Mutinondo


Our chalet faces due east and the sun blasted in this morning like a spotlight. Our bed faces straight through the big glass doors and Philippa and I tried to hide for a bit, but when a basket with tea and flapjack was delivered to our little balcony outside we went out into the chill of the morning and let that blast of sunshine warm us up. Tom was having none of that sort of nonsense and stayed tucked up.

Breakfast was in an open sided thatched hut, looking down over the “whaleback” hills around us. We were the only ones there.

Tom decides to skip the papaya tomorrow…

There’s a young Frenchman and a Dutch couple a bit older than us in the campsite but it feels like we have the place more or less to ourselves.

We returned to our little balcony with books and devices and whiled away the morning as the sun rose. When I wasn’t whiling, I was trying to solve the Engine Issue. I’d emailed Bushlore and had been hoping for a response this morning, but the WiFi wasn’t working, so I had another poke about in the engine bay and cleaned the car up a bit ready to give back at the weekend, hoping that the WiFi issue would resolve itself in the meantime. It didn’t. Jeff cursed it and tried restarting it a few times but it stayed dead, so I fired up the satphone. Eventually, after a lot of dropped connections I got through to Mark at Bushlore who said “Its probably the intercooler. Look for a pipe on the passenger side that has come loose”. And sure enough, there was a rubber tube the size of a short pipe cleaner attached to a sensor, that had popped off. I popped it back on and went for a test drive. It worked. Phew. I really hadn’t wanted to be battling with the trucks on the Great North Road with no power.

Back to whiling and lunch and then how about a short hike..? There are 50k of trails around here and while we had a longer one saved for tomorrow, there was a hike up one of the whalebacks which promised fine views.

The walk took us down to a bridge planked with heavy timber and then through the woodland, skirting a bald round whaleback which we assumed we would eventually climb up. Looming behind it was a much taller, narrower inselberg which we thought would be part of tomorrow’s hike and we were thinking how that would be a tough climb tomorrow then. Nope. This, it turned out was the destination for today’s little walk.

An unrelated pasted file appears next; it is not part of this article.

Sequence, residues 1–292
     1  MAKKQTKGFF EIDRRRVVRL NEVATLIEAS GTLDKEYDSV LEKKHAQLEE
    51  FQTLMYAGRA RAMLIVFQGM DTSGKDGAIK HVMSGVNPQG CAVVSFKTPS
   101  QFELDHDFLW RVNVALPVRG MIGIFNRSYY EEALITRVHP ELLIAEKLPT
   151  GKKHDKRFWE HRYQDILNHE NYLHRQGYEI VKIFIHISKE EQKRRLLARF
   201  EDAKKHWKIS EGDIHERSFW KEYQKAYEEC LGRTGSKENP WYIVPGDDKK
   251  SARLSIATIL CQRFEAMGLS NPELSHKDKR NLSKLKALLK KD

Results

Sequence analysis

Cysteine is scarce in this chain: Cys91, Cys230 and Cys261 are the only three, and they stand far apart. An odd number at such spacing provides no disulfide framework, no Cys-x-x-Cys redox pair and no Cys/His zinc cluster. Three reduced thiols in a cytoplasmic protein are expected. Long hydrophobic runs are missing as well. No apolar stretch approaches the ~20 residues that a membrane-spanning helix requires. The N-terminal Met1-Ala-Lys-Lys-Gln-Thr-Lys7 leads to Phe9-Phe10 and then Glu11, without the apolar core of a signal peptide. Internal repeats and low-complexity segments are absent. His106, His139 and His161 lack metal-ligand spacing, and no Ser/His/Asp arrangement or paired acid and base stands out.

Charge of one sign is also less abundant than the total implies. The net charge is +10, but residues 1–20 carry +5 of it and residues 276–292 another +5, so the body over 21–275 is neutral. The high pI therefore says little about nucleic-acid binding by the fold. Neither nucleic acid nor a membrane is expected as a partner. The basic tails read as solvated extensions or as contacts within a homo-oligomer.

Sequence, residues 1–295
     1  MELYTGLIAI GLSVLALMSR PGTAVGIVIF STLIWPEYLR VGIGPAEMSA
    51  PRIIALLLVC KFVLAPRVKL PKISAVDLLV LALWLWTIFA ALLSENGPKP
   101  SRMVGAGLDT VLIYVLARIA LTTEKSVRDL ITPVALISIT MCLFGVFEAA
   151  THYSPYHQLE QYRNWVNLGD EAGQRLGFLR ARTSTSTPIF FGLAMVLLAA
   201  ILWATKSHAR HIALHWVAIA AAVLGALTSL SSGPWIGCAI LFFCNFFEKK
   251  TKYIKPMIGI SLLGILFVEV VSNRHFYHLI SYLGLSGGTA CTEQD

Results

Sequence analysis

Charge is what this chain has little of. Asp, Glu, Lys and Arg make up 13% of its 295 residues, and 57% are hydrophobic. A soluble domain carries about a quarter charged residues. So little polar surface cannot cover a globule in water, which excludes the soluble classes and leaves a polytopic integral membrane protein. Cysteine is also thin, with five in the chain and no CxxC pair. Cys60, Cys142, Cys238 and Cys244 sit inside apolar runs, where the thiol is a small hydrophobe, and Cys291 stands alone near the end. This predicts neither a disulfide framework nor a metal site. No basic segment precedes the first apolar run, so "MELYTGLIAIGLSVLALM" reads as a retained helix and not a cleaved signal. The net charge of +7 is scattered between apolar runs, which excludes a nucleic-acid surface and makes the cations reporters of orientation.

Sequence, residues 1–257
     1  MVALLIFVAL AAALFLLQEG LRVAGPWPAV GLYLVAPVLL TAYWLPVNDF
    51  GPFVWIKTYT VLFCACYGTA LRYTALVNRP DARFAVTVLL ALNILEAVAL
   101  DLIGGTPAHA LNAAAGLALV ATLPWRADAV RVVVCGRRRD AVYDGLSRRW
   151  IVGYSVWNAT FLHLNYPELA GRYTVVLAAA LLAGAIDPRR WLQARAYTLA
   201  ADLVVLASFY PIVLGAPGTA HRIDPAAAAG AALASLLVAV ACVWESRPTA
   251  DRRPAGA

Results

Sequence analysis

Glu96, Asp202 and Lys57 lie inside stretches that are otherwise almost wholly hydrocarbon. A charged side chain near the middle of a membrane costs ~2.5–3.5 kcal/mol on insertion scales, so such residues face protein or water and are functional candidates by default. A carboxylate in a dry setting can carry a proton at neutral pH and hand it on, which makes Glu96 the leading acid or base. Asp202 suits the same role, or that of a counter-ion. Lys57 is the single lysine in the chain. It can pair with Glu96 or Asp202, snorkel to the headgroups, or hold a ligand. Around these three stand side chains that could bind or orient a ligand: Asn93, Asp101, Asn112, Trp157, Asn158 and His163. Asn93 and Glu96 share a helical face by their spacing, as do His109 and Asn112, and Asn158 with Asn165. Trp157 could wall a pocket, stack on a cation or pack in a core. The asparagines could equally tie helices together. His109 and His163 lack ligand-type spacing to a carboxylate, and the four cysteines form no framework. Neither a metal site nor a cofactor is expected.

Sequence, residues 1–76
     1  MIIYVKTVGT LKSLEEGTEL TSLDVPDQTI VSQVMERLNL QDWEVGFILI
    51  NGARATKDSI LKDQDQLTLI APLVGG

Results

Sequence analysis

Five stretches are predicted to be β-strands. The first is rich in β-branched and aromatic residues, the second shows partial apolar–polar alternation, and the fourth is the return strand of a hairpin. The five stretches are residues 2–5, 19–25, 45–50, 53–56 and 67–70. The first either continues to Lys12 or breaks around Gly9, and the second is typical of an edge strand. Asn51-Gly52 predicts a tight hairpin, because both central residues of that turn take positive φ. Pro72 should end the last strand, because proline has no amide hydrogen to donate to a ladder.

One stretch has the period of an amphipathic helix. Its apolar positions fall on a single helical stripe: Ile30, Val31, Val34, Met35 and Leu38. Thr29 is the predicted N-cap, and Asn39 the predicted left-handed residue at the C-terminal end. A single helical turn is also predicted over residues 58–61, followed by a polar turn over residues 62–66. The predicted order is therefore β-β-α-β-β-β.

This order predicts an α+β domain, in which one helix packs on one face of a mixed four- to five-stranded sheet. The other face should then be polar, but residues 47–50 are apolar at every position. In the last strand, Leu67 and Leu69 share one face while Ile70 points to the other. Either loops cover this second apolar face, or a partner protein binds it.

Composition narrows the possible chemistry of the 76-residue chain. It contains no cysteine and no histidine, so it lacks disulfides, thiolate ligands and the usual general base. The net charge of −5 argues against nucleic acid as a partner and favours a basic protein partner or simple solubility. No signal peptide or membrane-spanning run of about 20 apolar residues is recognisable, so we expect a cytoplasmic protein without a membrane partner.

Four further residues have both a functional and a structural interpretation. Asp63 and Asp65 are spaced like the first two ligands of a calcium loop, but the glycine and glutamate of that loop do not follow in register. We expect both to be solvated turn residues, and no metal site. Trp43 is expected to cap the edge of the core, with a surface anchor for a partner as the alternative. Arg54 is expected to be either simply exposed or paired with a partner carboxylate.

We left the tree line and found ourselves climbing steeply up black granite dotted with tufts of silvery grass. “Like walking over wigs” as P put it. Tom had already shot ahead and was almost out of sight, stopping every now and then to roll his eyes and mock the oldsters and their glacial pace.

Up on the smooth round summit the view was immense. An ocean of forest in every direction with whalebacks rising out of it. Here and there a river cut a swathe through the trees and a dried lakebed filled with plants glowed green in the sunlight. The only sign of human life was a wisp of smoke in the far distance. What a spot.

We walked back down, faces glowing in the wind and sun.

Our usual view of Tom on these hikes…

It was nice to get into the cool shelter of the trees, and back to Harry’s Bar for a beer with the sunset.

In the candlelit dining room we were joined by the Dutch couple and had a terrific evening. They’d bought a used Land Cruiser from Bushlore and spend three months a year driving around Southern Africa. We swapped stories about places we’d visited and grilled them about how they travel with thoughts of doing something similar one day. We had very similar mindsets and shared a love of deserts and mountains. They knew about camping in the Empty Quarter from when they lived for a while in Saudi Arabia, and completely understood our love of Oman. They had amazing stories of backpacking through China in the 80s when no-one spoke English, nothing was written in English, there were no guide books and it was incredibly hard to find out how to get from one place to another. We could have talked for longer but having finished eating some time ago we needed to let the staff tidy up and go home. Reluctantly we said our goodbyes and wished each other safe travels.

There is no light pollution whatsoever here and we walked back under an inky black sky sprinkled with brilliant stars and the long sweep of the Milky Way.

Categories: ZambiaTags: , , , , ,

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